Selasa, 05 Agustus 2008

Airlines have hit fliers with a lot of extra charges these days. They charge for food, drinks and checking bags. JetBlue even said it would dispense with complimentary disposable pillows and start charging $7 for a take-home pillow-and-blanket set.

On Tuesday, however, Delta Airlines announced a service that few people should complain about paying for: Wi-Fi. While a number of other airlines have been trumpeting Internet availability, so far thats been a special service available only in business class and first class. Delta is the first airline to offer Wi-Fi in coach.

The cost will be $9.95 for a flight of three hours or less, or $12.95 for a longer flight. Service will be provided by Aircell, which is also working with American Airlines and Virgin America to provide wireless Internet access. The system, which will be available on all continental flights, will be rolled out by fall, Delta said.


Aircells Gogo system will allow Wi-Fi-enabled devices -- smartphones and PDAs such as Apples iPhone and iPod touch, as well as laptops -- to access the Internet and corporate virtual private networks, and perform SMS texting and instant messaging.

The deal signals Deltas commitment to "maximize the time our customers spend with us onboard by offering them even more productivity options," said Delta CEO Richard Anderson. "Our customers asked for in-flight connectivity, and were responding by rolling out the most extensive Wi-Fi network in the sky."

The boom in Wi-Fi in the air is the result of air-to-ground technology, according to Jack Blumenstein, president and CEO of 17-year-old Aircell. The technology has "made broadband connectivity in the cabin economically viable for the first time for commercial airlines," Blumenstein said. "The game has changed."


Aircells technology not only offers Wi-Fi throughout the cabin, but provides the infrastructure for advanced video, audio, television and other entertainment services.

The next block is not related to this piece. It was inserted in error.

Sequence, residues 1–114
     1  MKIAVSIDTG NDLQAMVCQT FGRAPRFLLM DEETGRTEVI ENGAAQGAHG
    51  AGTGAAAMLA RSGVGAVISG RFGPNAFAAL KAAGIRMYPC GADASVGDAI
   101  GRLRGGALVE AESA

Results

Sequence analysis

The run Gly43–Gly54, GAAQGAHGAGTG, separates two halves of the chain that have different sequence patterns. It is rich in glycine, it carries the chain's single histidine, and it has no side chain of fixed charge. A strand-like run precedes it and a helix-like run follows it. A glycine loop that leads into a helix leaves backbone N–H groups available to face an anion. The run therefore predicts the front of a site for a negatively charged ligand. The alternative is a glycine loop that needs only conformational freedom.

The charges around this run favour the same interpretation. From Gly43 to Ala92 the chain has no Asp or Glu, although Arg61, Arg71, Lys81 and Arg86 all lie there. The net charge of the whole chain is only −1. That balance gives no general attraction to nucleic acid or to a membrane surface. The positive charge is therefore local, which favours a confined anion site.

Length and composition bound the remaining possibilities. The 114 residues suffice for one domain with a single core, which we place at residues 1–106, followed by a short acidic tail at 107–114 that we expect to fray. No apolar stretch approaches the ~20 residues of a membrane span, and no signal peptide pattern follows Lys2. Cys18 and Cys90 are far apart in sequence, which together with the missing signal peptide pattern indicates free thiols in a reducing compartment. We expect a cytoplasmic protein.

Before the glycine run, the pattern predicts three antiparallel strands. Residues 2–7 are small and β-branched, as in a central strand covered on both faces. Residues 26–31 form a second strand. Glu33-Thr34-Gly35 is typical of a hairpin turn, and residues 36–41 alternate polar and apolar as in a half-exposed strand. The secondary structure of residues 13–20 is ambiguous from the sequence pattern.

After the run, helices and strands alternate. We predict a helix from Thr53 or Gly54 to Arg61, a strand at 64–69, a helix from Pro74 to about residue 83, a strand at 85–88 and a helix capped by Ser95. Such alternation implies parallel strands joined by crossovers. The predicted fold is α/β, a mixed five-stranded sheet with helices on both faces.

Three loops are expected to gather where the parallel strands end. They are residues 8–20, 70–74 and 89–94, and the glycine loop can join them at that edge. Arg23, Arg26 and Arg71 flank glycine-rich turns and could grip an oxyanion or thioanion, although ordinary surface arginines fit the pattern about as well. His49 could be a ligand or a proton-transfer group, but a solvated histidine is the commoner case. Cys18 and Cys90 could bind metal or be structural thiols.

Deltas announcement clearly shows where the market is heading, says Greg Sterling, principal analyst for Sterling Market Research. "Business travelers and consumers more broadly would appreciate access to the Internet on the plane. Its going to happen," he said.

But there are a few unanswered questions. For one thing, what about pornography? Will airlines offer a filtered view of the Internet to protect customers from unseemly content?

In addition, the U.S. House Committee on Transportation and Infrastructure last week approved a bill to permanently ban the use of cell phones in-flight. "With airline customer satisfaction at an all-time low, this is not the time to consider making airplane travel even more torturous," Rep. Peter DeFazio (D-OR) said about his bill, which bears the cutesy-pie name of the "Halting Airplane Noise to Give Us Peace" Act (HANG UP).

With a laptop, Aircells Wi-Fi and a program such as Skype, Sterling wondered, could passengers get around the cell-phone ban?


So, will business travelers now lose the only respite they have had from the electronic leash? Writing at Ars Technica, John Timmer gave witness to that sentiment, saying, "As I have to spend most of my day connected anyway, Ive generally used flights to sort through back work and e-mails without the threat of being distracted by new work flooding in, or as an opportunity to catch up on reading some dead-tree material. As such, Im somewhat ambivalent about the chance to have airborne Wi-Fi."

Thats a real issue, Sterling agreed. "A lot of people secretly really value the absence of Internet access during that time, to read a book, sleep, be free of e-mail or just have time to think," he said. Still, he concluded, business travelers and consumers alike will probably opt to pay their $12.95 and have the option of Internet access.

Will other airlines follow suit and offer Wi-Fi to coach customers? "Theyll probably take a wait-and-see attitude," Sterling said. "If Deltas having success, youll see the others respond."


0 komentar: